Dadaab in Kenya is the biggest refugee camp in the world. It is roughly 80 kms from the border with Somalia. Its population on 24 July 2011 was 387,893. There were 40,434 new arrivals in July – equivalent to the population of a small town. Another 40,000 or so had arrived over the previous six months. They come from drought-stricken and war-scarred Somalia. The Dadaab complex is now Kenya’s fourth largest “city”. I have been talking to two young professional planners who work in the camp. This is what they told me.
Origins of Dadaab
Dadaab refugee complex was established in 1991 following the collapse of the Somali government. Since then it has become home to what are now generations of “temporarily” displaced people. The complex is mainly composed of three camps, Dagahaley, Hagadera and Ifo. All these camps are within a radius of approximately 18km from Dadaab main offices which house the Office of the UN High Commissioner for Refugees (UNHCR) and its operating partners, including over 20 implementing partners.
The camps were originally designed for 90,000 people. As the capacity became exceeded there were discussions with the local host community and the Kenyan Government about the need for additional land to reduce congestion in the exiting camps.
These discussions started back in 2009. The outcome was the planning of extensions for the Ifo camp and at Kambi Oos, approximately 5 km away from Hagadera. However, it took a long time for the Kenyan government to give its consent for the two new camps; this only came on 21 July 2011. Both new camps are currently under construction for subsequent relocation of new arrivals.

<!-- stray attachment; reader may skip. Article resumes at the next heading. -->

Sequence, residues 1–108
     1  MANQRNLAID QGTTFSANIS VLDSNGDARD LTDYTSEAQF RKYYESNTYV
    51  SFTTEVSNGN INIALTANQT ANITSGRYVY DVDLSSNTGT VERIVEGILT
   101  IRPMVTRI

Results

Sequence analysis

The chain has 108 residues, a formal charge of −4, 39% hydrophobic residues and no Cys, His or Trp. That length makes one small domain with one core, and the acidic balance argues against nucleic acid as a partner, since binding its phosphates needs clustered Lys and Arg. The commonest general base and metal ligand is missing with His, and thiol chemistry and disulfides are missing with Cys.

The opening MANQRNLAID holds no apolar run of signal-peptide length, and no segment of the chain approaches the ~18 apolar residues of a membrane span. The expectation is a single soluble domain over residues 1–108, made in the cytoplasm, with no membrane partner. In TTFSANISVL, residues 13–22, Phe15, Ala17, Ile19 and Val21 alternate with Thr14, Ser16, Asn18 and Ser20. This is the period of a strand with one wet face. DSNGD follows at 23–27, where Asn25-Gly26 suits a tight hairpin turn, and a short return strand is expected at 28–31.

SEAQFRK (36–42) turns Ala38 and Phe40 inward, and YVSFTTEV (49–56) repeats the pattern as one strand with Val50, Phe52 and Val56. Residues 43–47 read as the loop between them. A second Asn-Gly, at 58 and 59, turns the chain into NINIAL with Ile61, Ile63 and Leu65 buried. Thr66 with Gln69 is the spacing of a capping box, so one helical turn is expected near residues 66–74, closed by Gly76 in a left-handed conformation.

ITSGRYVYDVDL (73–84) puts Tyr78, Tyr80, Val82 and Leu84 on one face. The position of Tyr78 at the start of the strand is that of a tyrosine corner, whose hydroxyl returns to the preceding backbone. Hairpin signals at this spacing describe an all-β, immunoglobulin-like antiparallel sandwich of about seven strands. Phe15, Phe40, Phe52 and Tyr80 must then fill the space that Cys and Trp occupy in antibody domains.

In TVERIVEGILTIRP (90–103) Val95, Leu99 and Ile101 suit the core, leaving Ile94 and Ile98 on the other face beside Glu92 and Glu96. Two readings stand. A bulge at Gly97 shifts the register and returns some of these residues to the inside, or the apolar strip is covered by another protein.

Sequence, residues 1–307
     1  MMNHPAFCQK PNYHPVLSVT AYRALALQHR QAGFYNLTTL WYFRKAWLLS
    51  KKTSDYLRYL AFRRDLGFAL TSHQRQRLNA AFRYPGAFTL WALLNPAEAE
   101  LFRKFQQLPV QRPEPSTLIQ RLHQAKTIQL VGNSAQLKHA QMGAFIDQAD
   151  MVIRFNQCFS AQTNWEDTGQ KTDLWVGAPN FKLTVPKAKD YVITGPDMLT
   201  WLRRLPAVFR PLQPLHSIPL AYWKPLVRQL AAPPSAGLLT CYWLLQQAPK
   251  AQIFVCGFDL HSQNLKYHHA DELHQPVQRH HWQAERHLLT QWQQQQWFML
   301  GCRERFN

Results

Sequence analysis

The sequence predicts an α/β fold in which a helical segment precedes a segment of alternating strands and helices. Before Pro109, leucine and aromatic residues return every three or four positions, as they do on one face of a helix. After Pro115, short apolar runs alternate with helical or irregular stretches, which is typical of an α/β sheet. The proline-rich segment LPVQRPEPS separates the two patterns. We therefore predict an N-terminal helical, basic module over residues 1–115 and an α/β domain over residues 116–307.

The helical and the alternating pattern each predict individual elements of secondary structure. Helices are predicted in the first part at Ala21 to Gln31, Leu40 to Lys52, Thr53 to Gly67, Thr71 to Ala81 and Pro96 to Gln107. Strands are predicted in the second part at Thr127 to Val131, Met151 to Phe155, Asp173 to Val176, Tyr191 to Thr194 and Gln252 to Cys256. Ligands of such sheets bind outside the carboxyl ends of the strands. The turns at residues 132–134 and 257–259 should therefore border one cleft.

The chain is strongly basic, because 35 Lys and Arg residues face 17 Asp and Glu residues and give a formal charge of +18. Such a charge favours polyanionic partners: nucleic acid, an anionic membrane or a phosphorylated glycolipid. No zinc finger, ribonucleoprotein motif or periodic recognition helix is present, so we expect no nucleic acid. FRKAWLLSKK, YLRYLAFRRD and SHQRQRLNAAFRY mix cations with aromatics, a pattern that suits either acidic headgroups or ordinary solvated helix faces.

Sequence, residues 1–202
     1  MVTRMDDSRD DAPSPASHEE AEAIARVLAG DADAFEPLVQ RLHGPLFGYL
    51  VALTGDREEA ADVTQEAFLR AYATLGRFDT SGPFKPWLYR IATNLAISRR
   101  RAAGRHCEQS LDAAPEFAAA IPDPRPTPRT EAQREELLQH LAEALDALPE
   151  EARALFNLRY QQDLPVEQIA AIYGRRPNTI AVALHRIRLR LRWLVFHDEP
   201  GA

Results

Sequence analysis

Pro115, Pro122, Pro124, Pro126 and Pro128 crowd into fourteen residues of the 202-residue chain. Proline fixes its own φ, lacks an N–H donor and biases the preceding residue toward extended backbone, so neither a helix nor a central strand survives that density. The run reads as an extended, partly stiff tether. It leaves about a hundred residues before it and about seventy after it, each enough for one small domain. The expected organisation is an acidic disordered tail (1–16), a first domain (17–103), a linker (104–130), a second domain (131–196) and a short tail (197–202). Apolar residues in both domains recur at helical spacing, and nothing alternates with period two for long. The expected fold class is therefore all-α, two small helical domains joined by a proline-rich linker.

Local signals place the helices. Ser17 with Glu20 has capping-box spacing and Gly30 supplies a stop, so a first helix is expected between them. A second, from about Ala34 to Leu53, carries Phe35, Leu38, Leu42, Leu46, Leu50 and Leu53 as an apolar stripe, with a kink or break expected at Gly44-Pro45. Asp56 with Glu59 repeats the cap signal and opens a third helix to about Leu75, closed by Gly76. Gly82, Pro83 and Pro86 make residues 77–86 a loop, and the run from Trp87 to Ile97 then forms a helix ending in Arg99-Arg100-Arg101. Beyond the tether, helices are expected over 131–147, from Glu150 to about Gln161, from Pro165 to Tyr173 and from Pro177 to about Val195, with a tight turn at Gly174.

The Lutheran World Federation/Department for World Service (LWF/DWS) was invited into Dadaab by UNHCR in October 2007. Their work includes camp management and planning. Their team is currently planning the two new camps, Ifo extension and Kambi Oos, which are targeted to settle 180,000 refugees by 30th November 2011. Jeremiah Atho Ougo and George Wesonga Auma are two young planners working in this team.
Jeremiah (28) graduated from Makerere University in Kampala, Uganda, in Urban and Regional Planning. He is a member of the Kenyan Institute of Planners (KIP). He has worked on planning and environmental projects in Nairobi and Kisumu, and is a registered Environmental Impact Assessment /Audit expert with Kenya’s National Environmental Management Authority. He has been working in Dadaab for two years now.
George is pursuing a post graduate degree in Project Planning and Management at the University of Nairobi. He graduated as a physical planner from Maseno University in Kenya. He has over five years experience in physical planning having worked with government, in the private sector and currently with an NGO. He has also worked in Uganda with a private consultant in planning eight municipalities. He is a Graduate Member of KIP
Other planners working in Dadaab refugee camp with LWF/DWS include: Antony Mwangi, Nancy Achieng Auma, Duncan Nasengo and Elizabeth Apiyo Akello all of Maseno University, Regina Njeri Muchai (post graduate of ITC, University of Twente, Netherlands) and Daniel Njoroge of University of Nairobi.
The team also includes engineers and surveyors. It has the job of implementing the camp plans on the ground. This involves sub-dividing the proposed refugee sites into equal sized plots for residential use, and planning for basic services – roads, schools, recreation areas and health centres.